Study claiming right-to-work in West Virginia will create job growth is fundamentally flawed

Source: Josh Bivens, Elise Gould, and Will Kimball, Briefing Paper #417, January 14, 2016

From the press release:
A recent paper on so-called right-to-work laws relies on flawed data and analysis, according to research by Economic Policy Institute economists Elise Gould and Josh Bivens and research analyst Will Kimball. Gould, Bivens, and Kimball analyze a recent paper by West Virginia University (WVU) School of Business researchers John Deskins, Eric Bowen, and Christiadi, and find that that the study relies on questionable research methods that skewed the results in favor of right-to-work legislation.
Deskins, Bowen, and Christiadi attempt to analyze the effect of right-to-work laws on employment. However, their paper does not have sufficient variation in right-to-work status within states during the study period to reach conclusive results. The authors misidentify Texas and Utah as having not been right-to-work states when in fact they were, leaving only one state that switched to right to work during their study period. Furthermore, the authors failed to include state fixed effects in their analysis—the industry standard for this type of research—which account for economic shocks or characteristics that are particular to a given state and not controlled for in other variables in the model…..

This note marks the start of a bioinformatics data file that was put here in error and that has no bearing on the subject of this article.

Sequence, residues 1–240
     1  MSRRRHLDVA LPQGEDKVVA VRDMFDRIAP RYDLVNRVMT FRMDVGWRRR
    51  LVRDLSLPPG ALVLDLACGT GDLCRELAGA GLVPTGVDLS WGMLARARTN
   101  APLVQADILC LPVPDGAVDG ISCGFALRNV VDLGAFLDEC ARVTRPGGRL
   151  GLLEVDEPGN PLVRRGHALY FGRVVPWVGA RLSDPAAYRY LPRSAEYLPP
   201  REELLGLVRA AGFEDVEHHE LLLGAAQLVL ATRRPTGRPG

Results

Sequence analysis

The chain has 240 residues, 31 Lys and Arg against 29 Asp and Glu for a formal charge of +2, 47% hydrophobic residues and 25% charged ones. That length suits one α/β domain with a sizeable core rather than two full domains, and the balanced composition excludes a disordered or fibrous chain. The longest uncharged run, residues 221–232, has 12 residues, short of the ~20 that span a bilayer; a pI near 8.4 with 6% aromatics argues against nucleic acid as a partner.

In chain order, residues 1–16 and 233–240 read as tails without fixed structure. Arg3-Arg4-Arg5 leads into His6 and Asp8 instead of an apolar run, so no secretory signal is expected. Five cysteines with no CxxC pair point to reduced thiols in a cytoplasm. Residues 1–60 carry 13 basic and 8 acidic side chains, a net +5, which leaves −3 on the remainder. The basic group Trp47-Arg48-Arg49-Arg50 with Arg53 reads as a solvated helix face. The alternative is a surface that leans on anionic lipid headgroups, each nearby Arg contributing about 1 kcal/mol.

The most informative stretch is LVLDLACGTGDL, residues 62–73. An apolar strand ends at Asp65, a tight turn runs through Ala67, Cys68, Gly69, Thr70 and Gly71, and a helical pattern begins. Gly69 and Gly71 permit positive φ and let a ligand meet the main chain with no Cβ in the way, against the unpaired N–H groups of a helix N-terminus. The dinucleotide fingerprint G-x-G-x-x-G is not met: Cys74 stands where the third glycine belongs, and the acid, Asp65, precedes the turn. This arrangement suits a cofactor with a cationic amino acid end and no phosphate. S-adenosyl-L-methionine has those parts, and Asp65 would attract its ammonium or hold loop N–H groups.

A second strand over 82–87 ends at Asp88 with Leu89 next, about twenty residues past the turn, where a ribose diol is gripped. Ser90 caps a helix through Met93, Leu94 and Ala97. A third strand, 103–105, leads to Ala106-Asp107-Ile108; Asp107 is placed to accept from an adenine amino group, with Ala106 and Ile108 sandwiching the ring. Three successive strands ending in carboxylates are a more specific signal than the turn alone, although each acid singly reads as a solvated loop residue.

The Economic Impact of Right to Work Policy in West Virginia
Source: John Deskins, Eric Bowen, and Christiadi, West Virginia University College of Business and Economics, November 2015
(Funding for this research was provided by the West Virginia Legislature)